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Why CDC pushes pregnant women to get vaccinated with no clear long-term effects on the mother and the baby?



We already know that none of the vaccines around the world is fully approved as none of them has been through the whole process of testing their efficacy and long-term effects on different categories of people. But the pressure of the Covid-19 and the destroying effects to the economies, made the health agencies, including CDC, to authorize the vaccines for emergency use.

And for now, it seems they were right when they decided to approve the vaccines for emergency use since their efficacy against the virus are great despite the fact the Delta variant is infecting even vaccinated people.

But it looks like CDC went too far last Wednesday when they announced new evidence that it said strengthens its recommendation that pregnant people get vaccinated. Initially approved for adults only, CDC at one point few months ago decided to approve the vaccine for children aged 12 or more. But is it worth it to experiment on pregnant women something that is only “authorized for emergency use only”?

This is what CDC announced following their “new evidence:”

“CDC encourages all pregnant people or people who are thinking about becoming pregnant and those breastfeeding to get vaccinated to protect themselves from COVID-19,” CDC Director Dr. Rochelle Walensky said in a statement about the updated guidance.

“The vaccines are safe and effective, and it has never been more urgent to increase vaccinations as we face the highly transmissible Delta variant and see severe outcomes from COVID-19 among unvaccinated pregnant people.”

The mRna vaccines are completely new technology that has never been used before. The latest recommendation from CDC came after additional researches show that mRna vaccines won’t harm the mother or the baby. The recommendation applies for both early and late pregnant woman, CDC said.

CDC went even further with their recommendation claiming their research showed that mRna vaccines are not affecting breastfeeding mothers or people trying to get pregnant. This is part of their announcement:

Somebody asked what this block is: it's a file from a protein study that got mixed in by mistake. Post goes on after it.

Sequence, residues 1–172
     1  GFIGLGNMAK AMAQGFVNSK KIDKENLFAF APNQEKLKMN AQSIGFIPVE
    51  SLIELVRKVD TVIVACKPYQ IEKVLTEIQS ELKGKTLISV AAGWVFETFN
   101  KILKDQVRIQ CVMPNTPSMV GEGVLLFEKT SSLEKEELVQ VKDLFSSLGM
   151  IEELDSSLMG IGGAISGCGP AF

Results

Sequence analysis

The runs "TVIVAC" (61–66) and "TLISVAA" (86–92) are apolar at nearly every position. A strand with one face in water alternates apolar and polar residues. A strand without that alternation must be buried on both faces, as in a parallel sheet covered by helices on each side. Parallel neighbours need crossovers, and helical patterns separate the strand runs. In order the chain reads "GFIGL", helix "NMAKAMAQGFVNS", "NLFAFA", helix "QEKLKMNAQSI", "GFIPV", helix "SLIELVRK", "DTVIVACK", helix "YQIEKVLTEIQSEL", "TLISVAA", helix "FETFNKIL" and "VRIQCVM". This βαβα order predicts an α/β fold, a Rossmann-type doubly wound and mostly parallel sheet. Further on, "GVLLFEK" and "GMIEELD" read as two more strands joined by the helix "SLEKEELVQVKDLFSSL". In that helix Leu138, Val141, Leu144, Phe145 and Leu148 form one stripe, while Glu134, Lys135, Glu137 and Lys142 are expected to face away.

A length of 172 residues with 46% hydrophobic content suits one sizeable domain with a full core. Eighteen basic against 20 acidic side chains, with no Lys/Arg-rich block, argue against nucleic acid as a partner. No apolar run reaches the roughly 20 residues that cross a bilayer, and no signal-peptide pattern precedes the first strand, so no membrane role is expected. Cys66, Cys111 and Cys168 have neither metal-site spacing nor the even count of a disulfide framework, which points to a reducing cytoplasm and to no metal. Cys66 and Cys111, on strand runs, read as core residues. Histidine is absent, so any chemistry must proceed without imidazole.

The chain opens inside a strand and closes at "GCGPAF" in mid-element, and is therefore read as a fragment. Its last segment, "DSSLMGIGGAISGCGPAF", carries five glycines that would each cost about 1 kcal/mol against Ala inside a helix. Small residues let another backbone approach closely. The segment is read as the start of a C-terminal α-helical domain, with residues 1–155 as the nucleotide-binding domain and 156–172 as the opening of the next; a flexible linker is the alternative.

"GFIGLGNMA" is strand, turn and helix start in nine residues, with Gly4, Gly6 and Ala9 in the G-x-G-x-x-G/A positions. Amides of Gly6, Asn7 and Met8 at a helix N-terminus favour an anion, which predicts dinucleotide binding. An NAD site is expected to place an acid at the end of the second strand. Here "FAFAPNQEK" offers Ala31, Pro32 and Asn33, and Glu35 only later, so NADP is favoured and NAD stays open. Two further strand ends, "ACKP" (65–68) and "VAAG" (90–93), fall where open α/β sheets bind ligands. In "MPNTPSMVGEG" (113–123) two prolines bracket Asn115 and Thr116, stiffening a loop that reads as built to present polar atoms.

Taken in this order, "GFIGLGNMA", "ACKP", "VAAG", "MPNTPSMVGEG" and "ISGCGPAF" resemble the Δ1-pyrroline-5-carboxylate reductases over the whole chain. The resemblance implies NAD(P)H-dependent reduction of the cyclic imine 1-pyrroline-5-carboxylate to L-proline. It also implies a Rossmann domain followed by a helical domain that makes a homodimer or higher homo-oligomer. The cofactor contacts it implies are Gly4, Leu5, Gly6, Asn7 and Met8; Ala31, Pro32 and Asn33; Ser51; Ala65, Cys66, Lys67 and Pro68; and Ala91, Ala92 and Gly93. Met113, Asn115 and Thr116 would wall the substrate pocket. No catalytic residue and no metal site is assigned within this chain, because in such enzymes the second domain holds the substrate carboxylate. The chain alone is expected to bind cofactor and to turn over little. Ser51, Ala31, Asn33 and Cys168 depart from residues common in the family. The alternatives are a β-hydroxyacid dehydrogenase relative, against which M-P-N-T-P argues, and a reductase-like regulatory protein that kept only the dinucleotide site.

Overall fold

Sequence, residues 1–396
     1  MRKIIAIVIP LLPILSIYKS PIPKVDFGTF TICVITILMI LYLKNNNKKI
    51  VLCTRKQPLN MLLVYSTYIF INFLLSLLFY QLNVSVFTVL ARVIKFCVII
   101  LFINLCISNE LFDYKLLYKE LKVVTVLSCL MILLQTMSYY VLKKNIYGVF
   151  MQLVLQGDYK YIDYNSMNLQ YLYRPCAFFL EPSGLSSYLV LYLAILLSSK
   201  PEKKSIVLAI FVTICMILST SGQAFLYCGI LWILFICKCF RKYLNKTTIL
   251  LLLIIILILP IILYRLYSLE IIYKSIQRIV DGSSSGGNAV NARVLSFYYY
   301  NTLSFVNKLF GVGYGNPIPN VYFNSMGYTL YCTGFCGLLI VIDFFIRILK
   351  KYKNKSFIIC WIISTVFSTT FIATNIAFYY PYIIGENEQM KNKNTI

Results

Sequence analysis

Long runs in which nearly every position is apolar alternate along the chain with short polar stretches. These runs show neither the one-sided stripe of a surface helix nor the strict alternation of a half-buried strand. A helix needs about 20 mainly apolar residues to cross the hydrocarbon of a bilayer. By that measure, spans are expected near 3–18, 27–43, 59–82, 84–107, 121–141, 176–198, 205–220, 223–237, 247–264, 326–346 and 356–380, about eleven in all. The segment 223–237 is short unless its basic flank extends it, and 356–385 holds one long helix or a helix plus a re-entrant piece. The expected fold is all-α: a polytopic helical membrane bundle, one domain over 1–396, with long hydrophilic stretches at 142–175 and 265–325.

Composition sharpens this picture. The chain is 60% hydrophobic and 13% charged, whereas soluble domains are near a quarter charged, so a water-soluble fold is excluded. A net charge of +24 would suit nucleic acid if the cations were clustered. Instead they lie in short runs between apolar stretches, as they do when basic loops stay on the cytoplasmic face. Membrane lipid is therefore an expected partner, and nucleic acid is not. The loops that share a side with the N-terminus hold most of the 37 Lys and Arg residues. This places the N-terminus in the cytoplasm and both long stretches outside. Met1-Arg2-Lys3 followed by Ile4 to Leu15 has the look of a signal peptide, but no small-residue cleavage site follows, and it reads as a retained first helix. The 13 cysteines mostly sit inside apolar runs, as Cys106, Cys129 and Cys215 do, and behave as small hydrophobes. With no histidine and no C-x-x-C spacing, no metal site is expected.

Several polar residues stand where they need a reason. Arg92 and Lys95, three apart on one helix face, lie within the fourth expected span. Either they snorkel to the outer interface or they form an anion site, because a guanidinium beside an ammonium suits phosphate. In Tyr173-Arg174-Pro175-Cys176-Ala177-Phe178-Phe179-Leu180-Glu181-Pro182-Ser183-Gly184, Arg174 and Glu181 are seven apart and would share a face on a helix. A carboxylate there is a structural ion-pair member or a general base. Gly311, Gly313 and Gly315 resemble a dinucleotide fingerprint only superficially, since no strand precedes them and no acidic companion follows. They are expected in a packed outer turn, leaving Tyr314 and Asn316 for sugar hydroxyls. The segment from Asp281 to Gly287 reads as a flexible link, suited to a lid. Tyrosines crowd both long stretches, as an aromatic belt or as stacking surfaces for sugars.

“In a new analysis of current data from the v-safe pregnancy registry, scientists did not find an increased risk for miscarriage among people who received an mRNA COVID-19 vaccine before 20 weeks of pregnancy. This adds to the growing evidence of the safety of these vaccines,” the CDC said.

According to CDC, almost 2,500 pregnant women were part of the research and they all were before 20 weeks of pregnancy. Generally, miscarriage happens in about 11-16% of pregnancies, the study found miscarriage rates after receiving a vaccine were around 13% which is just in the middle of what is in general population.

What brings the worry when the results seem to be good? The timing. Every time the numbers spike, countries are coming up with new recommendations, lowering age eligibility and restrictions, and United States is not an exclusion. The results of such an ‘easy-to-conduct’ research could have come up months earlier and that’s the only reason people are worried of these strong recommendations.

Up until Wednesday, CDC only said that pregnant women are eligible for vaccination, but now this goes into recommendation backed up with the latest research.

“The benefits of the vaccination strongly outweigh any potential or known risks of vaccination,” Sascha Ellington, an epidemiologist and team lead for the Emergency Preparedness and Response team in CDC’s Division of Reproductive Health, said in an interview with ABC News on Wednesday.

“We haven’t found any risks of the vaccination specific to pregnancy, and we know that if you get COVID in pregnancy you’re at higher risk for getting sicker and having worse outcomes. And so for those reasons you should be vaccinated,” Ellington said.

As of July 31, only 23% of pregnant women received one dose of a vaccine during pregnancy despite CDC efforts to explain them that pregnant women are more likely to be hospitalized and need critical care, including ventilation and admission to the intense care unit (ICU). Furthermore, CDC claims if one gets infected with Covid-19 during pregnancy, it increases the risk for preterm birth of the infants — a birth that is three or more weeks ahead of the expected due date.

With the latest spike in number as a result of the Delta variant, more and more pregnant women end up hospitalized with severe condition, but the numbers are increasing in almost every single category of people despite their vaccination status.

“With such a low vaccine uptake, there’s a lot of room to increase this and potentially save lives, protect women from COVID-19,” Ellington said.

The CDC’s latest research will continue to follow pregnant women and their babies for three months into infancy.

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